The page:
Day At The Track

Dad's act for deaf & blind boy he's never met

06:40 AM 25 Apr 2019 NZST
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New dad Watson, who lives in a chalet home in Bishop Auckland, features in The Gypsies Next Door
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Gypsy dad’s heartwarming act for deaf and blind little boy he’s never met. Romany gypsy Watson decided to climb Britain's highest mountain to raise money for 10-year-old Sean

With a mobile home and a baby daughter who he takes harness racing, Romany gypsy Watson's life is worlds away from that of non-travellers Sonia and Sean. 

But that won't stop the new dad from helping the parents he's never met and their 10-year-old son, who is deaf and blind and has to be tube-fed due to a rare condition.

Watson is determined to raise money so the courageous little boy, also called Sean, can undergo life-changing treatment abroad after reading a story about the youngster's plight.

And he plans to do so by climbing Britain's highest mountain, breaking down what Watson admits is a 'them and us' situation between travelling and non-travelling communities.

Watson and Sean - who suffers from severe cerebral palsy after being starved of oxygen at birth and is not expected to live past his teens - both feature in the Channel 5 programme The Gypsies Next Door.

 The youngster's dad, also called Sean, and mum Sonia were delighted to meet Watson
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The youngster's dad, also called Sean, and mum Sonia were delighted to meet Watson

From one father to another, it means the world'

The series, which also stars glamour model Danielle Mason and her traveller ex Tony, looks at the occasional conflict between travellers and non-travellers across the UK.

Although professional harness racer Watson has integrated with the settled community through the sport, he's aware that other gypsies in the country have faced issues.

 Watson, seen with his baby daughter, admits it's a 'them and us' situation between travellers and non-travellers
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Watson, seen with his baby daughter, admits it's a 'them and us' situation between travellers and non-travellers
 Little Sean suffers from severe cerebral palsy and is not expected to live past his teens
KNICKERBOCKERGLORY TV 9
Little Sean suffers from severe cerebral palsy and is not expected to live past his teens

"One of the problems is stereotyping," he says.

He explains he decided to climb 1,345m-high Ben Nevis to fundraise for Sean and a sick little girl from Essex after being touched by stories he read about them.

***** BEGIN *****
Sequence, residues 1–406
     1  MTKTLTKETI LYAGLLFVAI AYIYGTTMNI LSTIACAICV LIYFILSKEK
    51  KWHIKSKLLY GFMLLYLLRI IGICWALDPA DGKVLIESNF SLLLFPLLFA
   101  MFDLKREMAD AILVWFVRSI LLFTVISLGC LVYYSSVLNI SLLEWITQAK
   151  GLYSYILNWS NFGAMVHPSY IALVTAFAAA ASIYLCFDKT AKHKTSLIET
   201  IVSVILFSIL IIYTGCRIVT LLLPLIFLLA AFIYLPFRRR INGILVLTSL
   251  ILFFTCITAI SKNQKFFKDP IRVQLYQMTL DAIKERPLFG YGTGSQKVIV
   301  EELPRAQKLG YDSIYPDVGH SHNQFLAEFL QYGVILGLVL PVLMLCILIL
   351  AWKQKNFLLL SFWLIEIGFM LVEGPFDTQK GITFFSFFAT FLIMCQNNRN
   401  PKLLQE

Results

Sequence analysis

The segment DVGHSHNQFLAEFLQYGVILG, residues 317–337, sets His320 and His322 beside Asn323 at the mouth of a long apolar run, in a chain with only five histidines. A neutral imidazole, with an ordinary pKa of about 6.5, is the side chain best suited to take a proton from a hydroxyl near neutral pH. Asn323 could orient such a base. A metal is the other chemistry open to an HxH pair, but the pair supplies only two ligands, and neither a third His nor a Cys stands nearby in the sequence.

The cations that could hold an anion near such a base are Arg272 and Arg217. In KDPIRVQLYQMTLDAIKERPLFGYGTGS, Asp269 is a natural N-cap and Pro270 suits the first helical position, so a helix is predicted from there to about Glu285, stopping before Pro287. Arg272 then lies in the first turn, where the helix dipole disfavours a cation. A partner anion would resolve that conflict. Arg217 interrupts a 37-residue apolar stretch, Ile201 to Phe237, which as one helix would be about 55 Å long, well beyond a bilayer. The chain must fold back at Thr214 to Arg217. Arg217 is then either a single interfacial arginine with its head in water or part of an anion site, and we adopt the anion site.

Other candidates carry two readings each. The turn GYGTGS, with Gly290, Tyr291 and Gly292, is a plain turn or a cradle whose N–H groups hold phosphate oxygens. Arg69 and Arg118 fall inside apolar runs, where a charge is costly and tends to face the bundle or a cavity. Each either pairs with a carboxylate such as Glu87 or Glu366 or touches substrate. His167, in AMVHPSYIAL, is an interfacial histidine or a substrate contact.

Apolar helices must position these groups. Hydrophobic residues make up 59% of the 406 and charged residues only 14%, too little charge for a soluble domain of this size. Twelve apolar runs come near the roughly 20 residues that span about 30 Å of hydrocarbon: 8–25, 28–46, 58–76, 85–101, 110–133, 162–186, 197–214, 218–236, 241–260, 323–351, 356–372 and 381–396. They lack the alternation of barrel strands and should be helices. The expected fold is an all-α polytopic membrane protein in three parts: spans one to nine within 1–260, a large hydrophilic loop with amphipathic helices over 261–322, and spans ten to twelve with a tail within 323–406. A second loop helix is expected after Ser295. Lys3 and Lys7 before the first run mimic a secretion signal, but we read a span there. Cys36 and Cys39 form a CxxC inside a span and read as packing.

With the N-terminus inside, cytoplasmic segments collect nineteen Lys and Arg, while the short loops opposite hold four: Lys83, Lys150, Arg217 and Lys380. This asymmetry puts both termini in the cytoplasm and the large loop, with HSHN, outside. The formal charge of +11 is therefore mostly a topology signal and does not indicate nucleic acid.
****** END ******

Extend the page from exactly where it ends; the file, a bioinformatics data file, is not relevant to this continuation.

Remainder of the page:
He says: "I'm doing it for two little kids. A little lass is down in Essex, she's got a rare form of cancer, God love her, and she's really bad.

"And there's a little lad over in Newcastle."

Inspired by stories of sick children

The father travels to Sean's home to meet the youngster, who can't walk or talk.

Knocking on the front door of little Sean's Newcastle home, the dad, from Bishop Auckland, Co Durham, reveals his selfless plan to raise money - and the boy's parents are delighted.

 Watson is filmed meeting 10-year-old Sean, who can't walk or talk and has to be tube-fed
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Watson is filmed meeting 10-year-old Sean, who can't walk or talk and has to be tube-fed
 Grateful dad Sean, right, thanks Watson for his fundraising efforts from the 'bottom of his heart'
KNICKERBOCKERGLORY TV 9
Grateful dad Sean, right, thanks Watson for his fundraising efforts from the 'bottom of his heart'

He is filmed hugging the boy's grateful parents, who have previously had little or no contact with gypsies and are overwhelmed by the support of a stranger.

The boy's dad tells Watson: "Thanks very much from the bottom of my heart, from one father to another father, it means the world honestly.

Sonia says: "It's the first time I've ever met a gypsy, it's totally changed my perspective on them. I mean, Watson's just a normal man, he's absolutely lovely."

When the day of the climb finally comes round, Watson, Sean and other supporters battle through tricky, snowy conditions to make it to the top of the mountain.

 Watson successfully climbed to the top of Ben Nevis, raising thousands of pounds in the process
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Watson successfully climbed to the top of Ben Nevis, raising thousands of pounds in the process

A successful climb and a trip to Panama

Sean's stem-cell treatment, which reduces seizures and spasms, costs £20,000 per visit and his parents would like him to have it twice a year.

The mountain hikers successfully raise thousands of pounds for the two children.

Today, Sean's family are preparing to make a 10,000-mile round trip to Panama so he can undergo treatment.

KNICKERBOCKERGLORY TV 9
Watson is seen video-calling a sick little girl in Essex, whom he also raised money for.

 

By Sophie Jane Evans

Reprinted with permission of The Sun

 

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